Damon Shadid, candidate for Seattle Municipal Court.
  • Courtesy Damon Shadid
  • Damon Shadid, candidate for Seattle Municipal Court.

As the Seattle Times reported over the weekend, questions are swirling (again) about a political action committee created by DUI-defense lawyers who like to flex in low-level judicial races where the outcomes can affect their business.

This year the group, called Citizens for Judicial Excellence, is backing its cofounder's wife against experienced King County District Court Judge Ketu Shah—a move so controversial it's caused some of the group's own members to quit.

The suspicion has long been that CJE wants to stack the municipal and district court benches with lawyers who will be soft of DUI offenders (aka, their clients). What complicates this idea is that the group's targets sometimes have other issues that could legitimately cause a defense lawyer concern.

Take this year's race for Seattle Municipal Court Judge Position No. 7, which pits longtime incumbent Judge Fred Bonner against challenger Damon Shadid.

Judge Bonner has had some bad press lately. He was the subject of a KIRO 7 stakeout that showed him driving to work alone in a sportscar—"in what appears to be a clear violation" of a city-subsidized carpool parking deal that has saved the judge $12,000 over the past 10 years. And the Seattle Times recently noted that Judge Bonner has been skipping Municipal Court judge meetings because he really doesn't want to be around his colleagues.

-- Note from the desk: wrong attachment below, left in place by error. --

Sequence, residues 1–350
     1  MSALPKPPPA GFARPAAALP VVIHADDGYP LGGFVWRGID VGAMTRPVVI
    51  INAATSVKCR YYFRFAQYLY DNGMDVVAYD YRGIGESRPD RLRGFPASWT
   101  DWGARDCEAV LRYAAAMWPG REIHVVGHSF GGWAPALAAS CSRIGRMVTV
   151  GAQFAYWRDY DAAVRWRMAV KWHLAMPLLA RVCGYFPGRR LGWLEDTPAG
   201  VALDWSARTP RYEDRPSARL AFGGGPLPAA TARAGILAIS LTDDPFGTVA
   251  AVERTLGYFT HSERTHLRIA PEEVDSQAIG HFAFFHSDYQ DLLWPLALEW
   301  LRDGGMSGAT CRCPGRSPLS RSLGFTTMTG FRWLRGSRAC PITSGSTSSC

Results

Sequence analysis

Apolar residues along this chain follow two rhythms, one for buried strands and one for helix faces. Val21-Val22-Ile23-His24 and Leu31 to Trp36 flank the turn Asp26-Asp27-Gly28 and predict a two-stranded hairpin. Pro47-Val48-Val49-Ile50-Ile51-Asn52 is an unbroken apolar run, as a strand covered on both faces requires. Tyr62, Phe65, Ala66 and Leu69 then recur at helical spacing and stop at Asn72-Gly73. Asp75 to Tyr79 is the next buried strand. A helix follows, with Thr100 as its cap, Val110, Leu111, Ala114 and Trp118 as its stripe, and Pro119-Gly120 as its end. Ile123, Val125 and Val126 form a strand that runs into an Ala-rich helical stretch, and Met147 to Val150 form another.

The CJE is backing Shadid in this race, and it was trying to help him financially, too—until Shadid returned the group's $1,900 check earlier this year.

"Although I was endorsed by CJE (among many other organizations), I do not necessarily agree with all their picks in other races," Shadid told The Stranger. "Thus, my contribution to and endorsement of Judge Ketu Shah back in April. I have never been a member of CJE and certainly don't walk in lockstep with all my colleagues on every election issue."

(Shadid said he has received a total of $1,000 in donations from five people who are members of CJE. But he noted that $1,000 comes in the context of "a total of $58,054 raised.")

This post has been updated since its original publication.